power to hold back any kind of mail that was
  critical of the war effort.
Espionage Act (1917)

     The Espionage Act was passed in
     1917.

     The Espionage Act restricted civil
     liberties during WW1.

     The act set fines and prison terms for
     any person who refused to serve in the
     military, interfered with military
     recruiting or caused others from
     joining the military.
 The  Sedition Act was passed in May 1918.
  This act set fines and prison terms for
  writing or saying anything critical about
  the government, the flag or the military.
 The Espionage and Sedition Acts were
  strictly enforced.
 A. Philip Randolph and Chandler Owen
  were publishers of a newspaper called
  The Messenger. They were arrested for
  writing articles urging Blacks not to
Sedition Act (1918)
A. Philip Randolph/Chandler Owen
 In 1918, the Sedition Act was put to a legal
  test.
 Charles Schenck, who was against the
  war, was convicted for handing out
  papers stating people should not support
  the war.
 Charles Schenck pleaded his case to the
  United States Supreme Court.
 Justice Oliver Wendell Holmes ruled that
  Schenck was convicted because his
Charles Schenck
Oliver Wendell Holmes
Schenck v. the United States
                     (1919)

          This case made a point that in a time of
          war, your civil liberties can be restricted.

          In the Schenck case, the United States
          Supreme Court stated that Schenck was
          guilty of sedition-in that-Schenck
          made it a point to criticize the war.

          Because of Schenck, you can be arrested
          for yelling “Fire!” in a crowded movie
          theater.
                               Question 5
 How   were civil liberties restricted?
                            Question 6
 Whatwas Justice Holmes' ruling in the
 Schenck v. the United States?
            3.6 Americans to War
 In order to get Americans to war, the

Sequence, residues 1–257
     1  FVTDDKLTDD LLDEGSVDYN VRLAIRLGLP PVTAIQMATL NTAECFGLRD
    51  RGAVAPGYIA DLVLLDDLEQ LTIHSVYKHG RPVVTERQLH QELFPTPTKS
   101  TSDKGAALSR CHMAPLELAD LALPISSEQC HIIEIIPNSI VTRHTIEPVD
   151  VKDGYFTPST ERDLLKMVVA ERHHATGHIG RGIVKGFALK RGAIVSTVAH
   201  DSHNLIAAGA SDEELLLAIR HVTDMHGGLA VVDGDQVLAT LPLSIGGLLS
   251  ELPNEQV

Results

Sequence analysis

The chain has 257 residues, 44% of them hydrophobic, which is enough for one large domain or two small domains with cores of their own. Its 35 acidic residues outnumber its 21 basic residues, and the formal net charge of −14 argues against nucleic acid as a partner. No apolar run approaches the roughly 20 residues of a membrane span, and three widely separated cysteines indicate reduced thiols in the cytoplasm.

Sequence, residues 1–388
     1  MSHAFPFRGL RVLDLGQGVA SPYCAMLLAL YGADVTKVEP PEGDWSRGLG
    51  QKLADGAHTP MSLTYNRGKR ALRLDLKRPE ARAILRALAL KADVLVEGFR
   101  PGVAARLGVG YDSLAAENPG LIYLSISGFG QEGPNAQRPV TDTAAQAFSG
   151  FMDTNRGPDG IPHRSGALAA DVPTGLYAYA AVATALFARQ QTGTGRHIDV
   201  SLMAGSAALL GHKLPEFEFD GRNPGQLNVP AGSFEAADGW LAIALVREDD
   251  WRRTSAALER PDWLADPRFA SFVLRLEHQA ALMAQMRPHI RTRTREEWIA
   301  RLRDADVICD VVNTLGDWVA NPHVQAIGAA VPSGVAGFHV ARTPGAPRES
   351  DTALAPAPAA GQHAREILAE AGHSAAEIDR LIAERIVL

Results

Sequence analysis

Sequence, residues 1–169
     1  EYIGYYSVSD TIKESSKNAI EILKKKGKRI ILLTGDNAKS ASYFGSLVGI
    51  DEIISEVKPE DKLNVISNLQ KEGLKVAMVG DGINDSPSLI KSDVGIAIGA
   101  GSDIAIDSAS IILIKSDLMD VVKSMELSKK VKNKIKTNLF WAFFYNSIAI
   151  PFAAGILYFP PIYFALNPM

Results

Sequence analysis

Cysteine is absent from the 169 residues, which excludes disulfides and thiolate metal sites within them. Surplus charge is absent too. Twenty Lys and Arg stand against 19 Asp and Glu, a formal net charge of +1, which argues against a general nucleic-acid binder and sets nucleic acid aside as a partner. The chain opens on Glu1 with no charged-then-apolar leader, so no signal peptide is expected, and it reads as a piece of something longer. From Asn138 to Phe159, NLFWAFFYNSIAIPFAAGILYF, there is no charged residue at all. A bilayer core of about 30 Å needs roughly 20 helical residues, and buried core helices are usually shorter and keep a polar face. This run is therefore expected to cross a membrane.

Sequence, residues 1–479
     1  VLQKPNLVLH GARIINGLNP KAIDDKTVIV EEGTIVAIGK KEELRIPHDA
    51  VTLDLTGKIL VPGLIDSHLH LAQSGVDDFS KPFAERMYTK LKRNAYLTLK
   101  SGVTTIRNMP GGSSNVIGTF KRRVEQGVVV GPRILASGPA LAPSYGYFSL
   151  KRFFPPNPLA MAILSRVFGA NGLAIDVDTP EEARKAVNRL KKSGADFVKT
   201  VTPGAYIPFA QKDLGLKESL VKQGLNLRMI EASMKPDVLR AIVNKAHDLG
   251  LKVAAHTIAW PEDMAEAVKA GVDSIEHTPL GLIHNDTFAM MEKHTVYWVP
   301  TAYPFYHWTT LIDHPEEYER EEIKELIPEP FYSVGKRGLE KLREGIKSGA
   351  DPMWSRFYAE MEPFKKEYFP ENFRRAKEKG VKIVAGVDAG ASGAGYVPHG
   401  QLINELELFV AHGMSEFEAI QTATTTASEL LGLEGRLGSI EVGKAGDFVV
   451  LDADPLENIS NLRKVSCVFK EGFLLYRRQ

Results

government had to raise a large army.
 Soldiers and war materials then had to be
  transported to Europe.
 Once there, American forces had to
  support the Allies, who were worn out and
  turn the tide of the war.
The Most Famous Recruiting
 Poster in American History
American Military Posters
 In May 1917, Congress passed the
  Selective Service Act, setting up a draft.
  The act said that all male citizens between
  the ages of 21 and 30 had to register with
  draft boards.
 The following year, the act was changed
  to include all male citizens between 18
  and 45.
 The names of those registered were
  placed in a lottery. The people whose
 To get Americans into combat, the
  government had to get soldiers and
  supplies across the Atlantic Ocean.
 Before the Americans entered the war, the
  Allies had been losing ships faster than
  new ones could be built.
 American navy leaders, such as Admiral
  William S. Sims, got the Allies to use a
  convoy system.
 In it, small, fast warships called destroyers
  traveled with the supply ships. The
  destroyers carried weapons for use
  against submarines.
 The destroyers could protect the supply
  ships from attack.
 Before long, the convoy system had badly
  damaged German naval plans.
Convoy System
Admiral William S. Sims
 InJune 1917, the first American soldiers
  arrived in France.
 The American Expeditionary Force, which
  was made up of all American soldiers
  abroad, was led by General John
  Pershing.